Posts Tagged ‘metal’

Imaging normal vibrational modes of a single molecule of CoTPP: a mystery about the nature of the imaged species.

Thursday, April 25th, 2019

Previously, I explored (computationally) the normal vibrational modes of Co(II)-tetraphenylporphyrin (CoTPP) as a “flattened” species on copper or gold surfaces for comparison with those recently imaged[cite]10.1038/s41586-019-1059-9[/cite]. The initial intent was to estimate the “flattening” energy. There are six electronic possibilities for this molecule on a metal surface. Respectively positively, or negatively charged and a neutral species, each in either a low or a high-spin electronic state. I reported five of these earlier, finding each had quite high barriers for “flattening” the molecule. For the final 6th possibility, the triplet anion, the SCF (self-consistent-field) had failed to converge, but for which I can now report converged results.


Imaging vibrational normal modes of a single molecule.

Thursday, April 18th, 2019

The topic of this post originates from a recent article which is attracting much attention.[cite]10.1038/s41586-019-1059-9[/cite] The technique uses confined light to both increase the spatial resolution by around three orders of magnitude and also to amplify the signal from individual molecules to the point it can be recorded. To me, Figure 3 in this article summarises it nicely (caption: visualization of vibrational normal modes). Here I intend to show selected modes as animated and rotatable 3D models with the help of their calculation using density functional theory (a mode of presentation that the confinement of Figure 3 to the pages of a conventional journal article does not enable).


Hypervalent hydrogen?

Saturday, January 13th, 2018

I discussed the molecule the molecule CH3F2- a while back. It was a very rare computed example of a system where the added two electrons populate the higher valence shells known as Rydberg orbitals as an alternative to populating the C-F antibonding σ-orbital to produce CH3 and F. The net result was the creation of a weak C-F “hyperbond”, in which the C-F region has an inner conventional bond, with an outer “sheath” encircling the first bond. But this system very easily dissociates to CH3 and F and is hardly a viable candidate for experimental detection.  In an effort to “tune” this effect to see if a better candidate for such detection might be found, I tried CMe3F2-. Here is its story.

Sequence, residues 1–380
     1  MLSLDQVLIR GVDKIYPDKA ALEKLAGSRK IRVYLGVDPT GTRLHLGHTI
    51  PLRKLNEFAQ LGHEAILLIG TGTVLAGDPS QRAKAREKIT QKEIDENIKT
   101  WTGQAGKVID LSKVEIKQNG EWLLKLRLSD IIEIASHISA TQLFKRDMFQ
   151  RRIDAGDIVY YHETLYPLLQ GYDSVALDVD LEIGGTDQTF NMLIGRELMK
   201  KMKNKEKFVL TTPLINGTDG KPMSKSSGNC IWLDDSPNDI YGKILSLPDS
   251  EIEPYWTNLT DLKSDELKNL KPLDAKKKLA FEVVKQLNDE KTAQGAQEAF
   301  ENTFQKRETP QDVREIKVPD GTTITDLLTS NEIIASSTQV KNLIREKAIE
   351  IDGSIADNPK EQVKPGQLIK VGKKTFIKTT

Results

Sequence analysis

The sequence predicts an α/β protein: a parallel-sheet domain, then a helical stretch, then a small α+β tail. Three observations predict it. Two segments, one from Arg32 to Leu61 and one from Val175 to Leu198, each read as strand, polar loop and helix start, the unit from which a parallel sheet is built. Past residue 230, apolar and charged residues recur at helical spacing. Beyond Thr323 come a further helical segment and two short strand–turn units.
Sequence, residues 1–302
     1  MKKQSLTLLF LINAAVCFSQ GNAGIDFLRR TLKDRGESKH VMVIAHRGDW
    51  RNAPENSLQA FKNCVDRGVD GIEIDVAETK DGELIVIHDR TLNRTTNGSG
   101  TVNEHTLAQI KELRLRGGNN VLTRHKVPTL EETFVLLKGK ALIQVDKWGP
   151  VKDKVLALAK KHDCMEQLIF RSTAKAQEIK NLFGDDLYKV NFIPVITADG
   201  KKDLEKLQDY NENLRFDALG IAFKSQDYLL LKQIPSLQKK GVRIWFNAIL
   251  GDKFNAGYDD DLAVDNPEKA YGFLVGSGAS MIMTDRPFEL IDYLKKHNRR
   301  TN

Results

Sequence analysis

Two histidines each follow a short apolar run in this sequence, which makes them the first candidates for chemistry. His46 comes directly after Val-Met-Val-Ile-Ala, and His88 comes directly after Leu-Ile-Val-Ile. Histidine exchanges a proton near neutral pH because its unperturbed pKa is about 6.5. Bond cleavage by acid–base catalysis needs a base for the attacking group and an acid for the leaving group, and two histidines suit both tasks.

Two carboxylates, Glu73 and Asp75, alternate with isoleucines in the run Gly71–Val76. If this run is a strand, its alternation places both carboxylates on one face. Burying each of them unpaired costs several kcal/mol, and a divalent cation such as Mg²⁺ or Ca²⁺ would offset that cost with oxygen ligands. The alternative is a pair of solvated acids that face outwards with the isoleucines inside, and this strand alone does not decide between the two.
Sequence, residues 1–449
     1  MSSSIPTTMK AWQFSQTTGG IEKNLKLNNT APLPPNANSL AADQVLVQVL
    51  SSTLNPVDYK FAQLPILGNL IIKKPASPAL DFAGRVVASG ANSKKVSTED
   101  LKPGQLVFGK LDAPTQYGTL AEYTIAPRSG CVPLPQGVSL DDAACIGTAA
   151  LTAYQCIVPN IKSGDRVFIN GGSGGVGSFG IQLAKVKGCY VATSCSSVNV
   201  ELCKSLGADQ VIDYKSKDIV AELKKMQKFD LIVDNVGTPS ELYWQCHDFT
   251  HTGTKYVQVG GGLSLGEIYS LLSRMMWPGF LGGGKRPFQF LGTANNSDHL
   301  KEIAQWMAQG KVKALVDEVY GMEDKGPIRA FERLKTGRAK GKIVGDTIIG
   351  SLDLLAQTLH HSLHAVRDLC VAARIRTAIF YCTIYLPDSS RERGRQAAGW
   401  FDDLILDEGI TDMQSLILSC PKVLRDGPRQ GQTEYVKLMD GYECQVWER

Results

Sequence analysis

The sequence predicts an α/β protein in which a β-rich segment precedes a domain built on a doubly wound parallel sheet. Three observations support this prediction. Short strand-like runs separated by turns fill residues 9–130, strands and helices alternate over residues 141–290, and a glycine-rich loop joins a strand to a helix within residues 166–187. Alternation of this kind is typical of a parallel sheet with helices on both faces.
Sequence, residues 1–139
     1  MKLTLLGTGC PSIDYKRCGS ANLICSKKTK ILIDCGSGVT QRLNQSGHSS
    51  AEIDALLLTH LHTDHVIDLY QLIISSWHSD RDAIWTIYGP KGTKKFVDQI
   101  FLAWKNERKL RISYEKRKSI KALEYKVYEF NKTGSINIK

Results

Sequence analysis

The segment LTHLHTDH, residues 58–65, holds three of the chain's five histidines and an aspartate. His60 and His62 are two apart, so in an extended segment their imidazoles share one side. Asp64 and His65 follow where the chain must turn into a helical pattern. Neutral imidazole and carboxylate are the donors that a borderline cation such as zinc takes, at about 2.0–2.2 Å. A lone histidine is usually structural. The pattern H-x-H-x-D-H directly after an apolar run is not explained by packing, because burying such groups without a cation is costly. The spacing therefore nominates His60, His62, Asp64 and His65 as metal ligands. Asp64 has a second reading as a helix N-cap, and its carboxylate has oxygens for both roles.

How does carbon dioxide coordinate to a metal?

Saturday, May 6th, 2017

Mention carbon dioxide (CO2) to most chemists and its properties as a metal ligand are not the first aspect that springs to mind. Here thought I might take a look at how it might act as such.


Silyl cations?

Thursday, March 23rd, 2017

It is not only the non-classical norbornyl cation that has proved controversial in the past. A colleague mentioned at lunch (thanks Paul!) that tri-coordinate group 14 cations such as R3Si+ have also had an interesting history.[cite]10.1021/ja990389u[/cite] Here I take a brief look at some of these systems.


Pyrophoric metals + the mechanism of thermal decomposition of magnesium oxalate.

Sunday, March 19th, 2017

A pyrophoric metal is one that burns spontaneously in oxygen; I came across this phenomenon as a teenager doing experiments at home. Pyrophoric iron for example is prepared by heating anhydrous iron (II) oxalate in a sealed test tube (i.e. to 600° or higher). When the tube is broken open and the contents released, a shower of sparks forms. Not all metals do this; early group metals such as calcium undergo a different reaction releasing carbon monoxide and forming calcium carbonate and not the metal itself. Here as a prelude to the pyrophoric reaction proper, I take a look at this alternative mechanism using calculations.


Molecules of the year? Pnictogen chains and 16 coordinate Cs.

Monday, December 19th, 2016

I am completing my survey of the vote for molecule of the year candidates, which this year seems focused on chemical records of one type or another.


Molecule of the year? “CrN123”, a molecule with three different types of Cr-N bond.

Friday, December 16th, 2016

Here is a third candidate for the C&EN “molecule of the year” vote. This one was shortlisted because it is the first example of a metal-nitrogen complex exhibiting single, double and triple bonds from different nitrogens to the same metal[cite]10.1039/c5sc04608d[/cite] (XUZLUB has a 3D display available at DOI: 10.5517/CC1JYY6M). Since no calculation of its molecular properties was reported, I annotate some here.


The largest C-C-C angle?

Tuesday, November 1st, 2016

I am now inverting the previous question by asking what is the largest angle subtended at a chain of three connected 4-coordinate carbon atoms? Let’s see if further interesting chemistry can be unearthed.


A wider look at π-complex metal-alkene (and alkyne) compounds.

Monday, June 13th, 2016

Previously, I looked at the historic origins of the so-called π-complex theory of metal-alkene complexes. Here I follow this up with some data mining of the crystal structure database for such structures.